Stephanie is enraptured! “The first I heard of The Antagonist by Lynn Coady was the Briefly Noted section in last week’s New Yorker. It sounded like it was about a hockey player, and I will read pretty much any fiction that circles around athletes, so I gave it a shot. This is a pretty great book, though it’s only tangentially athletic. Think Andre Dubus III by way of Where’d You Go, Bernadette, but in Canada. The same blends of macho/thoughtful, sardonic/compassionate, memory/false memory, but the geography was more confusing. I have no idea whether Coady has adequately captured the inner voice of a college male or adult male, as so many of the Canadian reviews of this book make a point of noting, but that seems beside the point to me. It’s vivid and funny and raw, and I loved immersing myself in it.”
Miss Elisabeth has found a new favorite. “I just finished Code Name Verity, the much-buzzed about YA historical fiction book. Librarians are abuzz at its Printz potential. This is the tale of two best friends in the British Service during WWII - Maddie is an excellent pilot in the ATA (the civilian airforce) and Queenie, aka Eva aka Julie, is a Special Operative. Told from one character's point of view for the first half and anotherfor the second half, the book begins after a crash landing. Only one of the friends has a chance of making it out alive. The story is gripping, and my mind was blown by some of the later twists and reveals. With an unreliable narrator, intense tales of heroism and courage, a detailed historical afterword by the author, and frank depictions of enhanced interrogations and the atrocities of war, this is the most adult YA book I've read in a long time. In fact, as the characters are all adults, I'm surprised it wasn't published as adult fiction. Nevertheless, I can wholeheartedly recommend it as the first book I have read in a few weeks that I couldn't put down.”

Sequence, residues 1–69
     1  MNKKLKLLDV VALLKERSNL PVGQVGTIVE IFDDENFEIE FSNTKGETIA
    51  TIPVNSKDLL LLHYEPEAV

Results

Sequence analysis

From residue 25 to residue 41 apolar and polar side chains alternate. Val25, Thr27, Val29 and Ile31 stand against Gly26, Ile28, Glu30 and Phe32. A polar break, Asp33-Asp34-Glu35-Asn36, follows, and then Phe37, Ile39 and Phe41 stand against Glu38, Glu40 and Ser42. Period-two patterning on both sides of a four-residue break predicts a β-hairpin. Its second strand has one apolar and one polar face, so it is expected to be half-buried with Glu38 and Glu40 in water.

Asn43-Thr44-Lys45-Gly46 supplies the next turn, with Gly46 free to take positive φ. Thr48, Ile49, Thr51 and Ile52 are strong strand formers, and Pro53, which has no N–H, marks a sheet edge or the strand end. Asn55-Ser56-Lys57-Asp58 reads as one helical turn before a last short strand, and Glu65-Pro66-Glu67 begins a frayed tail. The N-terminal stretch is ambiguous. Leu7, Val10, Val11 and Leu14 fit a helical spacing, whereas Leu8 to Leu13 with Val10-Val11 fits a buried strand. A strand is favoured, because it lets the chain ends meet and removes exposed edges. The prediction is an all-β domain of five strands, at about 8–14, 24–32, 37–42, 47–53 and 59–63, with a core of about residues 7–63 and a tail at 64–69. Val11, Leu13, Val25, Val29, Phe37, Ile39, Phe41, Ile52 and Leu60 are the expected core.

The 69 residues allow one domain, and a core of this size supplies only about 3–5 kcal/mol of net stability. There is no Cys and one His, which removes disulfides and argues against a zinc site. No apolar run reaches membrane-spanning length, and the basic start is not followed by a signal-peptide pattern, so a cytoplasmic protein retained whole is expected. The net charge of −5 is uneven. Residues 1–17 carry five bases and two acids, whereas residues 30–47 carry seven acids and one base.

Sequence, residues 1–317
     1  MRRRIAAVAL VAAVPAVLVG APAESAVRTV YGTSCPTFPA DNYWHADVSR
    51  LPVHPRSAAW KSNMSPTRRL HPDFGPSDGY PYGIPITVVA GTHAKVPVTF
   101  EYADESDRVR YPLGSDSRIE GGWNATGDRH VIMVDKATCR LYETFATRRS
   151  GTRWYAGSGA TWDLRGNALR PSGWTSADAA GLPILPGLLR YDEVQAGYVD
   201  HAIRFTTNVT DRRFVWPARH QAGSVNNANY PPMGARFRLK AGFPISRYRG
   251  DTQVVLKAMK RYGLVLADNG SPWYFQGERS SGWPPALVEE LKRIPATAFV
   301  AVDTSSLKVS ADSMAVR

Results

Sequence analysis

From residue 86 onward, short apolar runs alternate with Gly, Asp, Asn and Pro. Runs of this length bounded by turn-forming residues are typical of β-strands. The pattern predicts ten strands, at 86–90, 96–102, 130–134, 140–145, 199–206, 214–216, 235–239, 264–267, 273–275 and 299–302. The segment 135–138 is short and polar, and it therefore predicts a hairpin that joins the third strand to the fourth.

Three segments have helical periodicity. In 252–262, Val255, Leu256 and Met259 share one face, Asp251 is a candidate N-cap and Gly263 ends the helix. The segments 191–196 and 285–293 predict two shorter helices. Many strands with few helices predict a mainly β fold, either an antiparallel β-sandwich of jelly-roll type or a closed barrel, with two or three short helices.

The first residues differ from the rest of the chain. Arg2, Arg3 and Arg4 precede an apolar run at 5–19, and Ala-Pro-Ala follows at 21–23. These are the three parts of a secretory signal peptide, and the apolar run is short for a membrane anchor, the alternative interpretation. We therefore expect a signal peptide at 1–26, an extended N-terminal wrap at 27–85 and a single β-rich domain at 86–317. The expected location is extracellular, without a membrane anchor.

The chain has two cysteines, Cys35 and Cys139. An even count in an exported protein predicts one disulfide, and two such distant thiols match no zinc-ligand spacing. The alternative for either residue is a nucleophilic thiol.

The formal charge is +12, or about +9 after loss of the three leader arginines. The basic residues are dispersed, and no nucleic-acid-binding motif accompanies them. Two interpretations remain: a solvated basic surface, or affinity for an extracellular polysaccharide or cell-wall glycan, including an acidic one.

Where’s Jeanne? She’s in her car! “I am listening to Whiteout by Ken Follett. The thriller is set in Scotland and I am enjoying listening to Josephine Bailey's clear, lilting voice. The story begins with a lab technician stealing a canister from the top-secret research laboratory where scientists work at finding cures to deadly viruses. Now he's dead and so is the poor rabbit he stole, wanting to cure it. Who was this guy? Were there others involved? Will there be an international crisis? Follett writes greed, deception and unlikely liaisons in such a way that the reader is gripped before they know how creepy some of it is. I never knew I had a penchant for this type of sensationalism!”
I have just started a very promising work of historic fiction; Z: A Novel of Zelda Fitzgerald by Therese Anne Fowler. Zelda is one of my obsessions and has been ever since I read Zelda by Nancy Milford. So for me to really begin to love it just by reading the prologue is really quite something. Zelda was the wife and muse of F. Scott Fitzgerald and some say the face of the Jazz Age. It will be interesting to see how Fowler handles one of the most fascinating and legendary women of the 20th century.